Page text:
In 2019, Yevgeny Prigozhin was briefly reported to have died after an An-72 transport plane crashed in the Democratic Republic of the Congo. The embassy said two Russians had been onboard the plane, which was also carrying members of the DRC’s presidential staff.
The Wagner chief reappeared three days later, however, reports of his death having been greatly exaggerated.
As Prigozhin’s business jet crashed on Wednesday in a likely political assassination, there was again an air of doubt or hesitation to declare that the Kremlin-connected businessman could actually be dead this time.
“There is one huge caveat to the early reporting,” wrote Keir Giles, a senior consulting fellow on the Russia and Eurasia programme at Chatham House. “It’s been announced that a passenger by the name of Yevgeniy Prigozhin was onboard. But it is also known that multiple individuals have changed their name to Yevgeniy Prigozhin, as part of his efforts to obfuscate his travels. So until we know for certain that it’s the right Prigozhin, let’s not be surprised if he pops up shortly in a new video from Africa.”
After Prigozhin launched his abortive military uprising against the Kremlin in June, Russian investigators leaked documents from his house showing he held extra passports for possible body doubles who traveled in his name. There were also pictures of Prigozhin wearing various disguises, including heavy beards, aviator sunglasses and foreign military uniforms.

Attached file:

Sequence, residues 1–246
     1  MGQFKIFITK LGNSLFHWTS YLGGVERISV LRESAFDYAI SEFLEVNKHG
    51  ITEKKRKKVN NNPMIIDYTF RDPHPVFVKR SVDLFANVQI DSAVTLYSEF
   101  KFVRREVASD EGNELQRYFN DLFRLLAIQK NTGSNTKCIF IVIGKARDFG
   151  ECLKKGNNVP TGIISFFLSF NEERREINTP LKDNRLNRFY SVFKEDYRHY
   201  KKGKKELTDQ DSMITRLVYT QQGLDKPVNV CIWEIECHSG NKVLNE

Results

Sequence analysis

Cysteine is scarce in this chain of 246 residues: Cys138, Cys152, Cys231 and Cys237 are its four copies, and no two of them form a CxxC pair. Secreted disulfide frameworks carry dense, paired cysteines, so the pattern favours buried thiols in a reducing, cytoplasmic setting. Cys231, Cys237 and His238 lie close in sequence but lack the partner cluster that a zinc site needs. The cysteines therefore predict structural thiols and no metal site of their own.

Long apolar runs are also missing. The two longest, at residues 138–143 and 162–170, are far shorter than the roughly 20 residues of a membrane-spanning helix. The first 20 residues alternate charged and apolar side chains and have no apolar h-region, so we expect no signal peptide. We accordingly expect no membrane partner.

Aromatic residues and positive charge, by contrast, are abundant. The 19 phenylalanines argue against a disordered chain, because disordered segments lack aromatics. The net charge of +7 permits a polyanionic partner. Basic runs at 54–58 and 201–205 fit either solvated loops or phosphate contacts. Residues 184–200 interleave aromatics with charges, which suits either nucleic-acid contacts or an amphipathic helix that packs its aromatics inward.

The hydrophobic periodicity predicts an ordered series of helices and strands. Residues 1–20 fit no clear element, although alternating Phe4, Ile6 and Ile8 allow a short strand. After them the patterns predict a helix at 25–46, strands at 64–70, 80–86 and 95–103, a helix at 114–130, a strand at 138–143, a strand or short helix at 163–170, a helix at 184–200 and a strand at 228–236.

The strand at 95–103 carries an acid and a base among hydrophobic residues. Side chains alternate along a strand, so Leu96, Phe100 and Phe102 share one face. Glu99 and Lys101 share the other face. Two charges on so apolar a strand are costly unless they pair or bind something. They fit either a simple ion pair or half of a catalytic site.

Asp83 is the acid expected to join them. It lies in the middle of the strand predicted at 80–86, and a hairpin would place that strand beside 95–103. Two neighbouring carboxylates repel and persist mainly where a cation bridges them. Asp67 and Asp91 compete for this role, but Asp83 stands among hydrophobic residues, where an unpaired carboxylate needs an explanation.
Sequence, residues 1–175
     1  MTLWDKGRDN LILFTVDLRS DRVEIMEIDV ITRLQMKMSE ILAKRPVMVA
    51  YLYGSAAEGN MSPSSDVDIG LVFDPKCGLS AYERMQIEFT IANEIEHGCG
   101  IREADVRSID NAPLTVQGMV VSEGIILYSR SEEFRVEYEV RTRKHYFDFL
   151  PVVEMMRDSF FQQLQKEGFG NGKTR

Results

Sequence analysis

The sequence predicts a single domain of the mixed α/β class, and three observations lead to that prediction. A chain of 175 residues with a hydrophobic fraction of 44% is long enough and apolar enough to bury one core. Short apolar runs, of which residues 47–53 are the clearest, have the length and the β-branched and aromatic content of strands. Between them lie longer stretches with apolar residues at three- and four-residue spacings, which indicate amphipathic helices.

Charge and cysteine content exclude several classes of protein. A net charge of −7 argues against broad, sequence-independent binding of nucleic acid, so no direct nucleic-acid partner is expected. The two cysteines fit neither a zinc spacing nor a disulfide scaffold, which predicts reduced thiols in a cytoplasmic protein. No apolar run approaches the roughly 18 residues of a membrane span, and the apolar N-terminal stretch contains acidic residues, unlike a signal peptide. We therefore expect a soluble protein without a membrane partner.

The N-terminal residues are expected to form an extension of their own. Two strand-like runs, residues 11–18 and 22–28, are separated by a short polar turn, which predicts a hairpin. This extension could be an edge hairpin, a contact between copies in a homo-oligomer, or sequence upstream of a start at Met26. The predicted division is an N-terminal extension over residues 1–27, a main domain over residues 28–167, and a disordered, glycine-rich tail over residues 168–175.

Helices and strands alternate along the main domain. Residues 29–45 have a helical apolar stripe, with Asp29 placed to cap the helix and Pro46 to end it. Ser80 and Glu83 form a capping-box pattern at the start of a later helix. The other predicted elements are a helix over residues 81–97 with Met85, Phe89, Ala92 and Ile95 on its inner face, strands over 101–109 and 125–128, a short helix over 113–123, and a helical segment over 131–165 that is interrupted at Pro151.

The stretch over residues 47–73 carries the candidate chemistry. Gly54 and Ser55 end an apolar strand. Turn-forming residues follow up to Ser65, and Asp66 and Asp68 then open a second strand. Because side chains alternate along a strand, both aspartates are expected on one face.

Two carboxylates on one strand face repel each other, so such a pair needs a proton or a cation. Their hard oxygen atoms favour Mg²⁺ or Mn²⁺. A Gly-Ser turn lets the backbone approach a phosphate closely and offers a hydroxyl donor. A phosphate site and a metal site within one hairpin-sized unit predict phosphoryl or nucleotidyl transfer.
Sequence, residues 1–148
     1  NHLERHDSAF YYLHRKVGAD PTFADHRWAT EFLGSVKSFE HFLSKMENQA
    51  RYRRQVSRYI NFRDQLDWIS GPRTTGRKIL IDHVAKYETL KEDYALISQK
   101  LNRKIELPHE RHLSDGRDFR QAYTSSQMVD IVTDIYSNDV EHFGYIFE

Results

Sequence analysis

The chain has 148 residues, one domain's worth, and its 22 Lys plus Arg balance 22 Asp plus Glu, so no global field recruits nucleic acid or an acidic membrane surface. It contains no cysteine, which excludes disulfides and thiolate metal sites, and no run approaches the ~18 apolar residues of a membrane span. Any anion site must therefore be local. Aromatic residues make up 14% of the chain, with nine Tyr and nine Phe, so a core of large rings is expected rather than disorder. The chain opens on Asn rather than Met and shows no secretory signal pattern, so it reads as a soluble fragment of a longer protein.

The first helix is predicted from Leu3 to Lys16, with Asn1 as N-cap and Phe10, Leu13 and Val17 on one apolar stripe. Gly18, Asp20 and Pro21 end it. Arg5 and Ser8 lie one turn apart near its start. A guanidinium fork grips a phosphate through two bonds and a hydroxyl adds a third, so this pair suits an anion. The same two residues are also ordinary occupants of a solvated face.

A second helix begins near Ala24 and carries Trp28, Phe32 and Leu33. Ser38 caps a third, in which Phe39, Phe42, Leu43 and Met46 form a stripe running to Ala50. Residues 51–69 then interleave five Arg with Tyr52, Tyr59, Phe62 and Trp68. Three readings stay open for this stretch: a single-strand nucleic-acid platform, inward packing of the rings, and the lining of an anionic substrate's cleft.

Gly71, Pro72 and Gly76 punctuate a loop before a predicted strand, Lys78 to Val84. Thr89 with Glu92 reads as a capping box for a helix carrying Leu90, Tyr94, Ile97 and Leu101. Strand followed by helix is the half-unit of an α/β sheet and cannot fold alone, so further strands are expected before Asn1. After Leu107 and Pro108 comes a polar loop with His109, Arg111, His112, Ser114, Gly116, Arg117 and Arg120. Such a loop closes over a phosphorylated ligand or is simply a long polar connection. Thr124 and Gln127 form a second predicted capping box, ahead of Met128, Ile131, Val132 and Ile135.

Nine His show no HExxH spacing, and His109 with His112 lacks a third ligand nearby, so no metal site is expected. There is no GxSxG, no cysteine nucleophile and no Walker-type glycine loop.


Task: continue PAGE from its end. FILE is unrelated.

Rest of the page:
Prigozhin’s own persona as an agent of chaos and media troll has only served as grist for the conspiracy theories: isn’t this all a bit too convenient? Fontanka media on Thursday reported that Prigozhin’s body may have been left too disfigured by the crash and ensuing fire to be identified by normal methods.
“And to disappear forever, having taken one of his many spare passports, a burnt-out airplane is a good way to do it,” wrote one prominent Russian political scientist on social media. “The crows won’t collect the bones, the remains are in ashes, the trail has gone cold.”
“I think it’s absolutely unavoidable that 50% of the population would always be convinced that he just escaped and that was his way out,” said Andrei Soldatov, a Russian journalist and expert on the security services. “This kind of conspiracy theory will always be very popular, especially given his background.”
Telegram channels close to Wagner quickly declared the plane had been downed by a surface-to-air missile fired by the Russian military. Tsargrad, a hardline conservative news agency, said Prigozhin’s jet may have been blown up by a device onboard, which would widen the cast of those who could be behind the crash.
Alexey Venediktov, the well-connected former head of the Echo of Moscow radio station, wrote that while Prigozhin would have been easy to spot entering the Vnukovo-3 airport and going on to the tarmac, it was possible he could have switched to a second plane that took off on Wednesday.
He also posted a poll that showed nearly 60% of readers believed Prigozhin’s plane was either shot down or blown up by a device onboard, and 17% thought he had staged his own death. Only 1% believed the plane crash had been an accident.
Those who appear most convinced of Prigozhin’s death are his own allies and some of his associated media channels.
“Prigozhin died as the result of the actions of Russia’s traitors,” wrote the Grey Zone, a social media outlet close to Wagner. “But even in hell, he’ll be the best! Glory to Russia!”